Per definition motives are needs which are likely to get satisfied. In other words, motives are behavioral dispositions which create emotional excitement that lead to goal-directed activities.[24] Human behavior follows from the combination of several motives. All motives together present a part of people`s personality and appear in individual, person-based motivational structures.[25] Two types of motives can be distinguished: Explicit and implicit motives. Implicit human motives per definition are inherent motives which combine situational signals with basic emotional reactions and implicit behavioral trends.[26] This kind of motives refers to unconscious human needs and reflects long-term and deep- rooted affinities or prepossession towards certain kinds of satisfactory experiences[27]. In contrast, explicit motives are conscious motives, which are influenced by external factors like social demands. These motives have a strong impact on cognitive choices as well as on goal-setting in the short run and thereby direct the way in which implicit motives are expressed.[28] In the best case, implicit and explicit motives come to an agreement. In the opposite case, the discrepancy between these two kinds of motive systems lead to an incompatible human behavior which results in an intra-personal conflict situation that causes performance deficits, preference reversal and in the worst case health problems.[29] Consequently, explicit motives need to be consistent with implicit motives to lead to effective performance, intrinsic motivation and well-being[30]. Therefore, it is crucial to identify humans underlying, implicit motives to determine their behavioral tendencies and align them with adequate explicit motives.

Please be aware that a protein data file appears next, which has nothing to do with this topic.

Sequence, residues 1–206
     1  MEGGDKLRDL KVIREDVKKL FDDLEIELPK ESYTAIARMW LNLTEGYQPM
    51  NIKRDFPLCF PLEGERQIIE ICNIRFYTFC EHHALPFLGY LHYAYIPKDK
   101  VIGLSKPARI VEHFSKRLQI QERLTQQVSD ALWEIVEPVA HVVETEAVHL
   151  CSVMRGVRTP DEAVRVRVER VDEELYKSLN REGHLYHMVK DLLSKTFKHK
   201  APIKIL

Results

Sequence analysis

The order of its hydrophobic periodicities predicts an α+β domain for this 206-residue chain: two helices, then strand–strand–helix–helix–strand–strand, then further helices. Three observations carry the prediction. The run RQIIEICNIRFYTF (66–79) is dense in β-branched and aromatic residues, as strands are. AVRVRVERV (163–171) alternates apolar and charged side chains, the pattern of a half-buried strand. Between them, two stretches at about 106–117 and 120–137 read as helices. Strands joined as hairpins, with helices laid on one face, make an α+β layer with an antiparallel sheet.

In summary, the complex interaction of needs and different activated motives in concrete, stimulatory situations finally represents motivation[31].

In the further course of this paper, the examination of behavior during extreme physiological deprivation is neglected since in industrial countries basic human needs are peripheral to psychogenic order needs[32]. Hence, particular attention is paid to higher organized behavior of human beings which arouse from secondary needs and motives. By sharpening the understanding of these long-term preferences for specific classes of personal states, it shows which motive profile characterizes effective leaders in contrast to non-effective leaders.